As my time was pretty much at my own command, I employed it in making observations about the Island. In my walks I was delighted with the great variety of trees, shrubs, and beautiful flowers. At every step some new floral beauty would burst upon me, glowing with the most brilliant colours; and unlike the flowers and shrubs of New South Wales, most of them possess a grateful perfume. Fruit, too, and vegetables grow in great abundance, and there are several descriptions of both, which I never saw or heard of before. The Timanu is a tree deserving particular notice; it is a wide-spreading umbrageous tree, with a deep green foliage, its shade furnishing a cool retreat from the noontide sun. There is a fine grove of them on the beach opposite the anchorage, which the natives are very proud of. Like all the plants and shrubs on the Island, it is evergreen, and at certain seasons it throws out bunches of white blossoms delightfully fragrant. The natives are passionately fond of it, and with it they impregnate the oil with which they anoint themselves. The wood is hard, of a deep mahogany hue, with a beautiful curling and waving grain: it takes a high polish, and looks extremely handsome when worked into furniture. The native canoes are of peculiar construction. They have no trees high enough of the proper wood to form the main body of the canoe, like the New Zealanders; they are therefore built out of several pieces, which are sewed together with a sort of twine, of their own manufacture, made from the husks of the cocoa-nut. They are deep and narrow, somewhat angularly formed; the thwarts for the pullers to sit upon are made fast to the gunwales, and, to prevent the canoe from capsizing, they have an outrigger attached. They are unsightly-looking things, wanting altogether the lightness and grace of a New Zealand canoe; their paddles, too, are clumsy and heavy, and lack the symmetry and grace of the New Zealanders. There are several large double canoes on the Island, connected together by a strong platform; and in former times, when the population of the country exceeded the means of support, or it was feared that it would do so, oracles were consulted, and at their instigation a party would start off in one of these canoes in search of fresh land: sometimes failing in their object, they would find their way back again in a most miserable plight; but the result of the generality of such expeditions was never known. Of late years, there have been no adventures of the kind, and these ship-canoes from their long disuse are fast falling to decay; there are seventeen or eighteen of them upon the Island, carefully built over to protect them from the weather. These ship-canoes are no two of the same length; the longer one will be from eighty to ninety feet, while the smaller, answering the purpose of an outrigger, would not exceed fifty or sixty feet: each canoe has from four to five feet beam, but they have no floor; and, looked at separately, without their stem and stern pieces, they would be taken for troughs. They are kept about six feet asunder by cross beams lashed and otherwise made fast to the gunwales of both canoes; the beams are planked over, which furnishes a deck of from fourteen to sixteen feet in breadth. Both canoes are entirely covered in, and there are small hatchways with sliding covers. When a party has determined upon an exploring expedition, they build a house upon the main deck and stow their provisions, &c. in the holds of the canoes. Their sails are made of a species of rush marled together: in form they resemble the New Zealanders, being when set like an inverted triangle.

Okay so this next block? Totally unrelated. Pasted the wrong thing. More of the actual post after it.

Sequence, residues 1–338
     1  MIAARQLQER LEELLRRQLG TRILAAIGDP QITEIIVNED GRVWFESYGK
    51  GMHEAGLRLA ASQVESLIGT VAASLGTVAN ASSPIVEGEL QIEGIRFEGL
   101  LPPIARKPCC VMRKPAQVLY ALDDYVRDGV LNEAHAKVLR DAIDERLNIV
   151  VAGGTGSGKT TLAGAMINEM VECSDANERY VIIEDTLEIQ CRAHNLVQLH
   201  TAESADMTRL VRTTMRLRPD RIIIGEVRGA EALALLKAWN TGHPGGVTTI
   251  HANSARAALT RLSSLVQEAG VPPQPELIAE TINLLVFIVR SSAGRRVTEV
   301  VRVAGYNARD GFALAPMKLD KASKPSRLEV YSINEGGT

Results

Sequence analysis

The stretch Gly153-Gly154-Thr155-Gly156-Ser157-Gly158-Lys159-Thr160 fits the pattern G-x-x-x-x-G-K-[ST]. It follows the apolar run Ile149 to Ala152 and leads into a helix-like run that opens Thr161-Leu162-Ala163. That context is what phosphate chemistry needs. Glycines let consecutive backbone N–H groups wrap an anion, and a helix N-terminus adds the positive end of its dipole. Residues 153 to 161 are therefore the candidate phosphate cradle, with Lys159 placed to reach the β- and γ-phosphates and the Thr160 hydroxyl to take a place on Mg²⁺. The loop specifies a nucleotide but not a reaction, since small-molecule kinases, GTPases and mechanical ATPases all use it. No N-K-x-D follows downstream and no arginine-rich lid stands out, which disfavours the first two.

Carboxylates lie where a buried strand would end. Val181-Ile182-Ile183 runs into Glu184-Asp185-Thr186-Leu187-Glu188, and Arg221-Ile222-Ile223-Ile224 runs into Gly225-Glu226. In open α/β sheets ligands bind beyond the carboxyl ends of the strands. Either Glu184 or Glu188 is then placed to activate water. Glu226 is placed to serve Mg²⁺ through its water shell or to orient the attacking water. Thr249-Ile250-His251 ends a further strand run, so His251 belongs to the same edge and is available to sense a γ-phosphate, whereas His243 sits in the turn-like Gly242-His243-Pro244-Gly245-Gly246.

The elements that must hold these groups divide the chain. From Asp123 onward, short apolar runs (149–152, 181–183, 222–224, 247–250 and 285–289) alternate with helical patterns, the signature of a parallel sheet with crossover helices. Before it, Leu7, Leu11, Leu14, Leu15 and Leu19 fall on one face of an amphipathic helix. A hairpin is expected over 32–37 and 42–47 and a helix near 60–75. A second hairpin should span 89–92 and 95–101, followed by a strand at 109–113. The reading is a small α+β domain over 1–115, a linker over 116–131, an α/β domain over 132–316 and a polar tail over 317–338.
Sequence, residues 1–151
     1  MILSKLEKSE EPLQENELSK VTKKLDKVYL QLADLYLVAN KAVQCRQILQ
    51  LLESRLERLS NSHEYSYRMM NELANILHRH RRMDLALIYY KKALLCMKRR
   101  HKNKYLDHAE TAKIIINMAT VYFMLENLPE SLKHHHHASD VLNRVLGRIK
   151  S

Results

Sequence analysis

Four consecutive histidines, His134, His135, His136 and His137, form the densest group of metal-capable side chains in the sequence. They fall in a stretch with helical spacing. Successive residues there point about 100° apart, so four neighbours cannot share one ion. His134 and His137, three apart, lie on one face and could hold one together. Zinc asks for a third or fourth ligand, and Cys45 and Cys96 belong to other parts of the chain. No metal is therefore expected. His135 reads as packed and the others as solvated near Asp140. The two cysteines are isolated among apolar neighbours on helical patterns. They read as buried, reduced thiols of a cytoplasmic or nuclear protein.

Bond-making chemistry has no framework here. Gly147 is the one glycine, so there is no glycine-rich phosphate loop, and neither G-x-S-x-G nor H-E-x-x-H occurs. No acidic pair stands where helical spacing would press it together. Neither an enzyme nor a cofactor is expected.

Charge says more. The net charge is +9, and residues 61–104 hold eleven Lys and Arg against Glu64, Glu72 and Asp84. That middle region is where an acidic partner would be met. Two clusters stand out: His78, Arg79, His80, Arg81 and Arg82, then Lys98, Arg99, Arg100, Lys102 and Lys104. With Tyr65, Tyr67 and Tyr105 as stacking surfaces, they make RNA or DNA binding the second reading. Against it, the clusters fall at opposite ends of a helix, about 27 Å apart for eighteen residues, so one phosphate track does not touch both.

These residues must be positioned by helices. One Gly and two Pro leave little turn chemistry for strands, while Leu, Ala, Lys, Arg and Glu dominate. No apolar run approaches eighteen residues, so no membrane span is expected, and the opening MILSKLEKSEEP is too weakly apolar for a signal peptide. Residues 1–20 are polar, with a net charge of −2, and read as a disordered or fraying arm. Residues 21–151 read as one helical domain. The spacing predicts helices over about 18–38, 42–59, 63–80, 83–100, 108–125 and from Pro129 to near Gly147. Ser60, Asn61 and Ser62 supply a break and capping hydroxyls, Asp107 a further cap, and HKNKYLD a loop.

The natives of Rotumah do not tattoo their faces, but their bodies, particularly from the waist to the knees, are ornamented with various designs, some of them very elegant; and when I first saw them at a distance, I thought they had got on close fitting blue drawers. Their arms are covered with fantastic devices, and being desirous of witnessing the operation I induced a native to tattoo a small figure on one of mine. Very few are skilled at the art of tattooing, and I was surprised at the number of instruments used by the operator: they are made of small pieces of tortoise-shell of different widths neatly secured to handles, and resemble miniature garden hoes, with fine serrated teeth cut in the edges of the blades, sharp as needles. Having rubbed down the nut of a peculiar tree that had been burnt to charcoal, the operator mixed with it the juice of a herb, and water to render it sufficiently fluid. Without first tracing the design, he dipped the teeth of the instrument into the mixture, and placing it on my arm tapped it gently with a light piece of wood so as just to draw the blood, and he kept changing the instrument from very broad to very narrow, as the nature of the figure he intended to produce, required. The operation is painful, at least I found it so, and should think it must be very severe to those who submit their whole bodies to the puncturing process; but it is the 'fashion of Rotumah,' and the fear of being ridiculed by their companions overcomes every other dread.